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, 129 (4), 1274-81

A Comparative Analysis by SAGE of Gene Expression Profiles of Barrett's Esophagus, Normal Squamous Esophagus, and Gastric Cardia

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A Comparative Analysis by SAGE of Gene Expression Profiles of Barrett's Esophagus, Normal Squamous Esophagus, and Gastric Cardia

Jantine W P M van Baal et al. Gastroenterology.

Abstract

Background & aims: The metaplastic process in which the normal squamous epithelium of the distal esophagus is replaced by columnar-lined epithelium, known as Barrett's esophagus (BE), is poorly understood. The aim of this study was to define, analyze, and compare transcription profiles of BE, normal cardia epithelium, and squamous epithelium to gain more insight into the process of metaplasia and to identify uniquely expressed genes in these epithelia.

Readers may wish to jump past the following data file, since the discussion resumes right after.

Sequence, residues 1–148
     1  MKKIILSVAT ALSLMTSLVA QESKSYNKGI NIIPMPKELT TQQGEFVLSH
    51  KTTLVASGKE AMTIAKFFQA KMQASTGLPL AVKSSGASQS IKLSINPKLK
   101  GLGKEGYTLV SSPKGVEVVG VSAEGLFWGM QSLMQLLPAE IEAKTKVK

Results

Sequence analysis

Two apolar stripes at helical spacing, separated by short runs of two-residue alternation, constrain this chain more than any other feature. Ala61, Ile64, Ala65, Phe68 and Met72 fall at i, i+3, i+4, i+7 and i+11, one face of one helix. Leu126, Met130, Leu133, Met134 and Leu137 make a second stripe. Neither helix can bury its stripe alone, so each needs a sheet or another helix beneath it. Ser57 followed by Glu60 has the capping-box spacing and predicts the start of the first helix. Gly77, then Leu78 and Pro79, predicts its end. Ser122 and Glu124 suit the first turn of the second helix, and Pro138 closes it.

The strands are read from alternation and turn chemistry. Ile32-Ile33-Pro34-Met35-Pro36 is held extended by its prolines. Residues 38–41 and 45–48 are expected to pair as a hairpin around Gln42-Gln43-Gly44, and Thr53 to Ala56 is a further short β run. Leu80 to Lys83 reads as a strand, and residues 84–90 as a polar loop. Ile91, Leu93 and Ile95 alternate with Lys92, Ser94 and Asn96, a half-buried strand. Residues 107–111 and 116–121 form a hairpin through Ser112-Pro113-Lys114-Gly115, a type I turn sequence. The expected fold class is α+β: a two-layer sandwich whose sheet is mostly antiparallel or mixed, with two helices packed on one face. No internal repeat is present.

Methods: Serial analysis of gene expression was applied for obtaining transcription libraries of biopsy specimens taken from a BE-affected patient with intestinal type of metaplasia and from normal squamous and gastric cardia epithelia. Validation of results by reverse-transcription polymerase chain reaction and immunoblotting was performed using tissues of 20 patients with BE.

Results: More than 120,000 tags were sequenced. Between BE and squamous 776, and between BE and gastric cardia 534 tags were significantly differentially expressed (P < .05, pairwise comparison). In contrast, squamous compared with gastric cardia epithelia showed significant differential expression of 1316 tags. The most up-regulated genes in BE compared with squamous epithelium were trefoil factors, annexin A10, and galectin-4. Each of the epithelia showed a unique cytokeratin expression profile.

Conclusions: This study provides a comparison of the transcriptomes of BE, squamous epithelium, and gastric cardia epithelium. BE proves to be an incompletely differentiated type of epithelium that shows similarities to both normal squamous and gastric cardia epithelia. In addition, several uniquely expressed genes are identified. These results are a major advancement in understanding the process of metaplasia that leads to BE.

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